JavaScript Tutorial
JS - Introduction JS - Basic JS - Placement JS - Output JS - Statements JS - Syntax JS - Variables JS - Comments JS - Data Types JS - Operators JS - Operator Precedence JS - Condition JS - Switch JS - Functions JS - Objects JS - Loops For JS - Loops While JS - Break JS - Strings JS - String Methods JS - Numbers JS - Number Methods JS - Arrays JS - Array Methods JS - Array Iteration JS - Events JS - Event Listener JS - Event Propagation JS - Date JS - Math JS - Random JS - Boolean JS - Type Conversion JS - RegExp JS - Exception JS - Scope JS - Debugging JS - Hoisting JS - Strict Mode JS - this Keyword JS - Mistakes JS - Best Practices JS - Performance JS - Form Validation JS - ES6 Features
JS Objects
Object Definitions Object Properties Object Methods Object Constructors Object Prototypes
JS Functions
Function Definitions Function Parameters Function Call Function Apply Function Closures
DOM Introduction DOM Methods DOM Selectors DOM HTML DOM CSS DOM Attributes DOM Navigation
JS Browser BOM
JS - Window JS - Screen JS - Location JS - History JS - Navigator JS - Popup Alert JS - Timing JS - Cookies
AJAX - Introduction AJAX - XMLHttp AJAX - Request AJAX - Response AJAX - PHP
JSON - Introduction JSON - Syntax JSON - Data Types JSON - Parse JSON - Stringify JSON - Objects JSON - Arrays JSON - PHP JSON - JSONP
JS References
JavaScript Reference JavaScript Methods HTML DOM Reference

JavaScript Statements

A computer program is a list of instructions to be executed by a computer.

In a programming language, these programming instructions are called statements.

A JavaScript program is a list of programming statements.

Statements are used in JavaScript to control its program flow.

JavaScript statements are composed of: Values, Operators, Expressions, Keywords, and Comments.

This statement tells the browser to write "Hello world" inside an HTML element with id="para":

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Most JavaScript programs contain many JavaScript statements.

The statements are executed, one by one, in the same order as they are written.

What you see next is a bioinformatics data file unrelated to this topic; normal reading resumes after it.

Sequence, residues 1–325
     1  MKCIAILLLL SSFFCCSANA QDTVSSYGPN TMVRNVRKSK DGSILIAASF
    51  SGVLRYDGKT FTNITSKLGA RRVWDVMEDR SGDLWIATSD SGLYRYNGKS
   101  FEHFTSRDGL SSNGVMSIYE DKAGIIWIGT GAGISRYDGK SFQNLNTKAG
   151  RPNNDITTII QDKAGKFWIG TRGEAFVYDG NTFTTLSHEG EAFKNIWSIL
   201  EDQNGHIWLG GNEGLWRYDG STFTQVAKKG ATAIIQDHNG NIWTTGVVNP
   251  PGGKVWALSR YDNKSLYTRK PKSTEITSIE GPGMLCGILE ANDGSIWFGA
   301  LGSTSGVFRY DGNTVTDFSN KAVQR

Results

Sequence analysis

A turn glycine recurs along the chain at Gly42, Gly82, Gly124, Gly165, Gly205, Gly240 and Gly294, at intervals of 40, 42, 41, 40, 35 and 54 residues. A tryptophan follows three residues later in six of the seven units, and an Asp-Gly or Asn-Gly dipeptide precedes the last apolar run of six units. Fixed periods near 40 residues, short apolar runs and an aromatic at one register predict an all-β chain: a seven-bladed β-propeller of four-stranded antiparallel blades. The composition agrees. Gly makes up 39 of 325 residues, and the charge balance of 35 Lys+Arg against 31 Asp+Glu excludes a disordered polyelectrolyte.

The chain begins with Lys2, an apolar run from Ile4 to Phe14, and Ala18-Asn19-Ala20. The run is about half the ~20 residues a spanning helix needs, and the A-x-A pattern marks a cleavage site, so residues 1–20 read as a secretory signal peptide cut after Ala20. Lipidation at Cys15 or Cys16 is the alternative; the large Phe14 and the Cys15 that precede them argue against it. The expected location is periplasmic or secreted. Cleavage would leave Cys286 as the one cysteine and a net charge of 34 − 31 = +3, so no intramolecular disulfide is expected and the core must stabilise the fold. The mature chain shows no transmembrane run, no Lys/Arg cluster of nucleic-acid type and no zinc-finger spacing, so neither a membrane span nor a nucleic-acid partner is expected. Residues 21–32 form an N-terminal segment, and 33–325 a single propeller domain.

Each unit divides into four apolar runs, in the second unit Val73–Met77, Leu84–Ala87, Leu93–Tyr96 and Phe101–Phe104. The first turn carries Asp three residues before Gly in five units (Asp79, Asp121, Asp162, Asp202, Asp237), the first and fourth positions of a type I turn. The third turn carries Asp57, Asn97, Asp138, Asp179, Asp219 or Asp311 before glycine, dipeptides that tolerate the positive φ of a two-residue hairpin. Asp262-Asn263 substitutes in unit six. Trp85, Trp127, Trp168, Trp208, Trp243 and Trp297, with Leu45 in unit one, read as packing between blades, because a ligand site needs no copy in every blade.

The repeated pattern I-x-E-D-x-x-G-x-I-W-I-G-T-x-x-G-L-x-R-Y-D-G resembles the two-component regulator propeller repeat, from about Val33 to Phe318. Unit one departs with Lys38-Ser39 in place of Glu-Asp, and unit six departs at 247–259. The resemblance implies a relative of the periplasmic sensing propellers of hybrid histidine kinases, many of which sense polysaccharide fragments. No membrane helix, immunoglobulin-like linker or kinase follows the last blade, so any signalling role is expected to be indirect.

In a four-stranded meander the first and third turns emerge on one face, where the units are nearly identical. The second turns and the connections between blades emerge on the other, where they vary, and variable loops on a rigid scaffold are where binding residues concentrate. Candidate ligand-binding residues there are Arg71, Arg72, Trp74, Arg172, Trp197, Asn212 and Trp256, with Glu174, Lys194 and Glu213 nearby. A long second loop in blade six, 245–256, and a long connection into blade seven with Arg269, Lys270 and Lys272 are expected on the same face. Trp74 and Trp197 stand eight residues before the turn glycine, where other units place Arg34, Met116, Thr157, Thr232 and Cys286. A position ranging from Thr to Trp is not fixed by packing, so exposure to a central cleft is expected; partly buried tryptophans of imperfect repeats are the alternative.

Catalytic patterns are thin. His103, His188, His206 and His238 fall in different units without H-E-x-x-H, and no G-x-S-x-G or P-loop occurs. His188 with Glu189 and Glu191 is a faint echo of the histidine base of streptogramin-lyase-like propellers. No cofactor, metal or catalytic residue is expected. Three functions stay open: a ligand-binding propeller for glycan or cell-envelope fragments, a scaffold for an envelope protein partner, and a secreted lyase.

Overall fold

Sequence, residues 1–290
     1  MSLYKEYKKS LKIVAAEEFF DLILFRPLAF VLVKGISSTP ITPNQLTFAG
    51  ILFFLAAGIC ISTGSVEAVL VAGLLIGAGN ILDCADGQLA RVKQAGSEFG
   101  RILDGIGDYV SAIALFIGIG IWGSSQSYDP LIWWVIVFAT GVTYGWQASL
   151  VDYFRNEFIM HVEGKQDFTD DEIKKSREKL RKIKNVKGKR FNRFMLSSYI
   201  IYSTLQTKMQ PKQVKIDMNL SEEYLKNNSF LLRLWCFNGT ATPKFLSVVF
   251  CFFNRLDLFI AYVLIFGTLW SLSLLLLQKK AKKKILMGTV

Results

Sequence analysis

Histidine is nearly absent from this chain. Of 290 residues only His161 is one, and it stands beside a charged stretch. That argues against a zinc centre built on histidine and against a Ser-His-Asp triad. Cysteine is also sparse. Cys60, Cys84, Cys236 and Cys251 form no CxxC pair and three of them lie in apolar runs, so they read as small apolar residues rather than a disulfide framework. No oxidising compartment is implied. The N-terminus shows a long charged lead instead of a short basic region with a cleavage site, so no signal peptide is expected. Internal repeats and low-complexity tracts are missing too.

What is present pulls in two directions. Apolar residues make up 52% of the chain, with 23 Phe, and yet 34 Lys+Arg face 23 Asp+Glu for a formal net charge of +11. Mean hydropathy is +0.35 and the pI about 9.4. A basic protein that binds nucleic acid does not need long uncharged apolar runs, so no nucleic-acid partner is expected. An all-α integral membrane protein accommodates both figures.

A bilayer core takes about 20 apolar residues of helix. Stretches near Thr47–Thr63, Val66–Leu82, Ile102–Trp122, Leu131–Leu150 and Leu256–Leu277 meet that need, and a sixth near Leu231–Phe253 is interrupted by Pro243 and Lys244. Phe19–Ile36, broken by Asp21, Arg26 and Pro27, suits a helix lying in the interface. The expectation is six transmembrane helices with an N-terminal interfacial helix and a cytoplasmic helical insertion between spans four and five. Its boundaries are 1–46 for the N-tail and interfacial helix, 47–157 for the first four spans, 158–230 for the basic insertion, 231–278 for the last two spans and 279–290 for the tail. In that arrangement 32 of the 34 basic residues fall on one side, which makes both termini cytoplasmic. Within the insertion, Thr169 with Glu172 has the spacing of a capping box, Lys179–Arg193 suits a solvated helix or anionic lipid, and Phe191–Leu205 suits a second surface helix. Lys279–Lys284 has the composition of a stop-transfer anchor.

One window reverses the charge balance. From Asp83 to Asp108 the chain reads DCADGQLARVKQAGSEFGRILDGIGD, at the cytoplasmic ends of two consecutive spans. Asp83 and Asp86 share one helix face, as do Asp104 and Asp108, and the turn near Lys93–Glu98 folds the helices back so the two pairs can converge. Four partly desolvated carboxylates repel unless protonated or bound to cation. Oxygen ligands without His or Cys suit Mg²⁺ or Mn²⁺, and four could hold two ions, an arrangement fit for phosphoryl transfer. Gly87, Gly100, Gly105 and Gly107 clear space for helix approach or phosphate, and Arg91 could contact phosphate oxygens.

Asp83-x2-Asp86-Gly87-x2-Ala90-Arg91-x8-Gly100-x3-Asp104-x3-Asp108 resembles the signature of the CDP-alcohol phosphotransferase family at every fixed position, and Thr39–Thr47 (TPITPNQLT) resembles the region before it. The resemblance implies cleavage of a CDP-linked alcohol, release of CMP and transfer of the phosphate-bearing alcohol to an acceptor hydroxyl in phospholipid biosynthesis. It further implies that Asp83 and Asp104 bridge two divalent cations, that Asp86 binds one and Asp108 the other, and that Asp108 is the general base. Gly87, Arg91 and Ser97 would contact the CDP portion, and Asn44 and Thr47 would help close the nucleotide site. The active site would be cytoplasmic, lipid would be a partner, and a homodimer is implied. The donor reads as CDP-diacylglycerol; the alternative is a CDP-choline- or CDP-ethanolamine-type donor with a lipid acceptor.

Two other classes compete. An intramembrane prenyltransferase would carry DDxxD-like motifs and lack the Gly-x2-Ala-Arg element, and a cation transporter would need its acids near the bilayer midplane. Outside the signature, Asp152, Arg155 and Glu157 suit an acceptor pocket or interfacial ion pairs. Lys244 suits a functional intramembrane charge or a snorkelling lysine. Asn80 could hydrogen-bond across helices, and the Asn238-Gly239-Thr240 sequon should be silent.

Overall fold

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Statements define what the script will do and how it will be done.

Semicolons are Optional

Simple statements in JavaScript are generally followed by a semicolon character, just as they are in C, C++, and Java.

JavaScript, however, allows you to omit this semicolon if each of your statements are placed on a separate line.

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But when formatted in a single line as follows, you must use semicolons:

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Ending statements with semicolon is not required, but highly recommended.

It is a good programming practice to use semicolons.

JavaScript White Space

JavaScript ignores spaces, tabs, and newlines that appear in JavaScript programs.

You can add white space to your script to make it more readable.

The following lines are equivalent:

A good practice is to put spaces around operators ( = + - * / ):

JavaScript Line Length and Line Breaks

For best readability, you should avoid code lines longer than 80 characters.

If a JavaScript statement does not fit on one line, the best place to break it is after an operator:

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JavaScript Code Blocks

JavaScript statements can be grouped together in code blocks, inside curly brackets {...}.

The purpose of code blocks is to define statements to be executed together.

One place you will find statements grouped together in blocks, is in JavaScript functions.

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JavaScript Keywords

JavaScript statements often start with a keyword to identify the JavaScript action to be performed.

Below is a list of some of the keywords you will learn about in this tutorial:

Keyword Description
var Declares a variable, optionally initializing it to a value
let Declares a block {} scope local variable, optionally initializing it to a value
const Declares a read-only named constant
break Terminates the current loop, switch, or label statement and transfers program control to the statement following the terminated statement
continue Terminates execution of the statements in the current iteration of the current or labeled loop, and continues execution of the loop with the next iteration
if...else Executes a statement if a specified condition is true. If the condition is false, another statement can be executed
switch Evaluates an expression, matching the expression's value to a case clause, and executes statements associated with that case
throw Throws a user-defined exception
try...catch Marks a block of statements to try, and specifies a response, should an exception be thrown
while Creates a loop that executes a specified statement as long as the test condition evaluates to true. The condition is evaluated before executing the statement
do...while Creates a loop that executes a specified statement until the test condition evaluates to false. The condition is evaluated after executing the statement, resulting in the specified statement executing at least once
for Creates a loop that consists of three optional expressions, enclosed in parentheses and separated by semicolons, followed by a statement executed in the loop Iterates over the enumerable properties of an object, in arbitrary order. For each distinct property, statements can be executed
for...of Iterates over iterable objects (including arrays, array-like objects, iterators and generators), invoking a custom iteration hook with statements to be executed for the value of each distinct property